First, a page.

Involvement of AMPK and MAPK signaling during the progression of experimental autoimmune myocarditis in rats and its blockade using a novel antioxidant

Somasundaram Arumugam, Rajarajan A. Thandavarayan, Punniyakoti T. Veeraveedu, Vijayasree V. Giridharan, Vivian Soetikno, Meilei Harima, Kenji Suzuki, Masaki Nagata, Ritsuo Tagaki, Makoto Kodama, Kenichi Watanabe

Research output: Contribution to journalArticlepeer-review

23 Scopus citations


There are various reports suggesting the role of angiotensin (Ang) receptor blockers, Ang converting enzyme inhibitors, calcium channel blockers, diuretics and antioxidants against the progression of experimental autoimmune myocarditis (EAM) to dilated cardiomyopathy (DCM). Most of them were reported to be effective during this adverse cardiac remodeling. Recently much attention has been paid to studying the involvement of AMP-activated protein kinase (AMPK) and mitogen activated protein kinase (MAPK) in various cardiovascular ailments. AMPK acts as a master sensor of cellular energy balance via maintenance of lipid and glucose metabolism. Evidences also suggest the relation between AMPK and oxidative stress during physiological and pathological myocardial cellular function. Since, it is of interest to identify the roles of AMPK and MAPK during the progression of EAM to DCM and also the effect of edaravone, a novel free radical scavenger, against its progression. For this, we have carried out western blotting, histopathological staining and immunohistochemical analyses to measure the myocardial expressions of AMPK signaling and oxidative stress related parameters in normal and vehicle or edaravone-treated EAM rats, respectively. We identified the myocardial levels of phospho Akt and phosphoinositide 3-kinase, which are the upstream proteins of AMPK and MAPK activation and both were up-regulated in the vehicle-treated rats, whereas candesartan treatment significantly reversed these changes. We have also measured the myocardial levels of p-AMPK?, different isoforms of protein kinase C and MAPK signaling proteins. All of these protein levels were significantly elevated in the hearts of DCM rats whereas edaravone treatment significantly reversed these changes. In viewing these results, we can suggest that along with MAPK, AMPK signaling also plays a crucial role in the progression of EAM and it can be effectively blocked by the treatment with a novel antioxidant, edaravone.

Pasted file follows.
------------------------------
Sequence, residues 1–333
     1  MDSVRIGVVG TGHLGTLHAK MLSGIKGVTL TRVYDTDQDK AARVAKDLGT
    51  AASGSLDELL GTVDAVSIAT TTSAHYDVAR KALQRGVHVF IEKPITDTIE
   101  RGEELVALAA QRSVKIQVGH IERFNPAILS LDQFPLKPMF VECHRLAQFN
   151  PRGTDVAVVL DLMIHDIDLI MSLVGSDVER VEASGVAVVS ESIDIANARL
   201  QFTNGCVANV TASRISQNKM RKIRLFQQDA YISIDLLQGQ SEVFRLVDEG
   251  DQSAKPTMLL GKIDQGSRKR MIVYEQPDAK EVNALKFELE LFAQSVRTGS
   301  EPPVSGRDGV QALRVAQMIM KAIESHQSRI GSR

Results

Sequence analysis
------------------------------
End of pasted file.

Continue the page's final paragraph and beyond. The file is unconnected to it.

Original languageEnglish (US)
Pages (from-to)183-189
Number of pages7
JournalExperimental and Molecular Pathology
Issue number2
StatePublished - Oct 2012


  • AMPK
  • Antioxidant
  • Edaravone
  • MAPK
  • PI K-Akt signaling

ASJC Scopus subject areas

  • Pathology and Forensic Medicine
  • Molecular Biology
  • Clinical Biochemistry


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